Itinerary School Station
Laura Del Vecchio
GAYSORN @ stock.adobe.com
In today's world, millions of children still do not have access to quality education. Many of them lack proper infrastructure, learning materials or qualified teachers. Besides, local and regional educational systems need to provide the infrastructure for students to optimize students' learning activities that match both their skills and their aspirations. But this not always happen, especially in communities with scarce economic resources to make investments in education.
As an effort to bridge opportunities among vulnerable communities lacking access to schools, UNICEF started a project called MobiStation, a portable multimedia device kit powered by solar energy that can be equipped with an internet router, low-power projector, and audio system, designed to be carried and temporarily installed in classrooms with no access to the internet and/or electricity.
This project enables students to make use of ICT and provides students with better access to learning opportunities. For teachers, the appliance of ICT tools in daily school life may be beneficial when it comes to lesson planning or demonstrations, once some learning processes can work better when shown in motion pictures. In addition, this solution could deliver a more inclusive educational method, where children with certain disabilities such as blindness or deafness, could equally participate and take advantage of the learning process, overcoming previous barriers as the tool can be personalized according to student's individual needs, such as delivering integrating Talking Books in the classroom.
How Itinerary School Stations Work?
Even though many countries worldwide have dramatically increased access to schooling in recent years, higher enrollment has failed to improve learning for all students. These itinerary school stations, on the other hand, promise to become an encouraging tool to embed a more inclusive educational ecosystem to better target and reach low-income regions.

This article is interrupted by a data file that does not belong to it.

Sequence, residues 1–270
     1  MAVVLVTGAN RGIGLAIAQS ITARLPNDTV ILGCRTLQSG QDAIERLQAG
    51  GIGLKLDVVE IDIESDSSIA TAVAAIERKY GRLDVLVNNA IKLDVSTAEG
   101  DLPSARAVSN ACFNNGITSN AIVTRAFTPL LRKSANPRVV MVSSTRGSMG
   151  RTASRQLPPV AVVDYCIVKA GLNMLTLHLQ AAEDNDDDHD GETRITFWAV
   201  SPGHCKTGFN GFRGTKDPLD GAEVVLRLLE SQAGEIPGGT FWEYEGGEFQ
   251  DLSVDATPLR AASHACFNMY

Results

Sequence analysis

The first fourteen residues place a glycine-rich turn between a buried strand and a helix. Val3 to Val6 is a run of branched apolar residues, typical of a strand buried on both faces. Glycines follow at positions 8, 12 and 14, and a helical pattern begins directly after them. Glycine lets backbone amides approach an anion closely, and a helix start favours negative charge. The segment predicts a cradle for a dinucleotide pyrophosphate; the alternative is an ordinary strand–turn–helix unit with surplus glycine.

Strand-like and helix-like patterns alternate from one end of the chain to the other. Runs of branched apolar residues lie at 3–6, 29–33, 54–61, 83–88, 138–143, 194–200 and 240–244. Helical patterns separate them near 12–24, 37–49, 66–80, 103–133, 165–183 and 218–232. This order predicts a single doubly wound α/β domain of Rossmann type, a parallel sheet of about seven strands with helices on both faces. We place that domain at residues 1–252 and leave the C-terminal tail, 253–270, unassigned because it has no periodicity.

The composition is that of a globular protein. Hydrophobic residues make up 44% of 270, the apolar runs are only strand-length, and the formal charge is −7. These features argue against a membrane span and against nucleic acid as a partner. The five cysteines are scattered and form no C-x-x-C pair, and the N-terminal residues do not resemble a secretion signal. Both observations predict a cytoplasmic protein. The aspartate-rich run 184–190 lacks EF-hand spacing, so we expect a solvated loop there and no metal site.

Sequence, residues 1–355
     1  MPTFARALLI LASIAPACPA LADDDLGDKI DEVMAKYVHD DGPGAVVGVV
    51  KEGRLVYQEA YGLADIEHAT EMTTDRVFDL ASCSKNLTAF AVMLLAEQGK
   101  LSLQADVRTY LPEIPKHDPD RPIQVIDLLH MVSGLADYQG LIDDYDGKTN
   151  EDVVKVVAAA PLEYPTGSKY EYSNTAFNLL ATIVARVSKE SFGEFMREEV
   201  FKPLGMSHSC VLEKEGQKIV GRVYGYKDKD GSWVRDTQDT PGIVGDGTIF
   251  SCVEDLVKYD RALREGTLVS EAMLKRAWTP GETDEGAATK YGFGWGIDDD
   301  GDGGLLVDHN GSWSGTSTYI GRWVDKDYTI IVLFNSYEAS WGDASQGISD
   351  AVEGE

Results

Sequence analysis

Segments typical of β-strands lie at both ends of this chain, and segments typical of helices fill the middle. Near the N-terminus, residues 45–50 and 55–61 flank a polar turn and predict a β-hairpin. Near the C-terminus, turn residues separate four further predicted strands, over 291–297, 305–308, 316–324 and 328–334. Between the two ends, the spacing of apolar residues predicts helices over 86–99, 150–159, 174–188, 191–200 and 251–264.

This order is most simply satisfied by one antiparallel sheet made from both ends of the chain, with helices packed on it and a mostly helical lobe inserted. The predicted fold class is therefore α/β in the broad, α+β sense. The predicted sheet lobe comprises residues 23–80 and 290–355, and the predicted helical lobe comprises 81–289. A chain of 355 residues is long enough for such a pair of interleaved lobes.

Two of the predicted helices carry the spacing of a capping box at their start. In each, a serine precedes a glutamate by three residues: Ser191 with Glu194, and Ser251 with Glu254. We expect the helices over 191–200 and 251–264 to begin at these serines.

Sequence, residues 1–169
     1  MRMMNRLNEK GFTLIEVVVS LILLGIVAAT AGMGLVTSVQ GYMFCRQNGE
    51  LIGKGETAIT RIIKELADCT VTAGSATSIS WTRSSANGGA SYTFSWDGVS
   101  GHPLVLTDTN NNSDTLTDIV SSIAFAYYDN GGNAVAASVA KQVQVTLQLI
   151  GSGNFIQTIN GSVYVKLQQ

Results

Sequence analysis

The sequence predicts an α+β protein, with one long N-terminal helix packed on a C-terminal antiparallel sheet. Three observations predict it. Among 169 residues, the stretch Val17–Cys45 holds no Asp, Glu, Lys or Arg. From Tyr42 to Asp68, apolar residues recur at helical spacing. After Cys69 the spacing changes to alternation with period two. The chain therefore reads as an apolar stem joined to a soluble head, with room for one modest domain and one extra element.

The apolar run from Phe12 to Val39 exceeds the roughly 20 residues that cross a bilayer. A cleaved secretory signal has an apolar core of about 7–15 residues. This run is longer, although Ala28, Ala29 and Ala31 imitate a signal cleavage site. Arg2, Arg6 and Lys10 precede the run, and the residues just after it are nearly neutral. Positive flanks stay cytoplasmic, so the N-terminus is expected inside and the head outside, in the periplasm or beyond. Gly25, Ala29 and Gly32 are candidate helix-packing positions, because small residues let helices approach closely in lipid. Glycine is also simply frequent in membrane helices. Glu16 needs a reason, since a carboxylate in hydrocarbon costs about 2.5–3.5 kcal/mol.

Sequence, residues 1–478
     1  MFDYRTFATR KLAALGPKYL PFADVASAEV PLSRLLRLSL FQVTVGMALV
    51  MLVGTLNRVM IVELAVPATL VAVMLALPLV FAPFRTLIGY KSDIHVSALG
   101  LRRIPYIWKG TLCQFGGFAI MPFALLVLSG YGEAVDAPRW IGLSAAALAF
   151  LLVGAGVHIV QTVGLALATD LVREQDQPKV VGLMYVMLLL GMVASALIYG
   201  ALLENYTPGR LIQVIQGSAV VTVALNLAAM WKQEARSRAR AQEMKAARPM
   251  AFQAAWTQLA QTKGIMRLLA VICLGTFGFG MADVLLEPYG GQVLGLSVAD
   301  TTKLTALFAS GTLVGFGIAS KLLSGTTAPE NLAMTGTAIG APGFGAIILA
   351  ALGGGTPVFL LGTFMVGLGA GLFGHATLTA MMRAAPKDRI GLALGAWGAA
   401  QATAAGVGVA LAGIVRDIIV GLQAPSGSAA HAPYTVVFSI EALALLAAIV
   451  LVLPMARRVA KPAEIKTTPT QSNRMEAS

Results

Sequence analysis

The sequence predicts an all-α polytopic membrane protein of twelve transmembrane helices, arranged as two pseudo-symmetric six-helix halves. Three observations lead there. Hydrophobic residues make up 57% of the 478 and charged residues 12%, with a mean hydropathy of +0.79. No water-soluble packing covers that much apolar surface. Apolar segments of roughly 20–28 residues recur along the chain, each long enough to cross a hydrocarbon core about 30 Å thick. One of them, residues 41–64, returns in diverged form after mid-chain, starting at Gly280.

These education digital boxes can be filled with laptops, tablets or audiobook readers, preloaded with educational content, becoming a very useful tool for low-income communities. Mobile stations could as well be used to project school books, teaching videos, and other digital materials in a wide range of environments by providing specific online or offline content to compliment the school curriculum. In addition, Micro-leaning Platforms could be embedded in the system, thus augmenting learning possibilities.
Online courses could be created by the school or offered by other institutes or platforms. This increases the number of opportunities for students to acquire knowledge in subjects that are not currently available at their school (e.g., advanced computer science, language courses), and it allows students who are falling behind to take on extra remedial courses to reduce their knowledge gap without that particular school incurring high costs.
Education remains one of the areas that have faced less structural changes in the past decades. To promote more democratic learning environments, holistic approaches such as itinerary school stations could effectively reorient the educational system towards more beneficial learning outcomes, especially for foundational knowledge.
These stations could be a bridge to improve distinct educational aspects in developing countries, increasing their schooling system quality as a whole. They could reduce the cost of education and at the same time provide different content models, once the devices can be filled with updated information coherent with their own culture. In adversarial situations such as bad weather or poor health conditions, the difficulty of getting to school may be overcome by the possibility of virtual meetings through individual electronic devices.
In the future, the model of itinerary schools could evolve with the help of VR tools, thus becoming VR Classrooms with simulated environments presenting new settings and time periods for teaching biology and history. VR Classrooms would, ultimately, enable the creation of entire virtual environments, such as simulated museums filled with distinct or even impossible inputs, like extinct animals, foreign plants, or entire cities. Students could experience their favorite shows, academic settings, or amusement parks with all inputs necessary to provide a fully immersive space.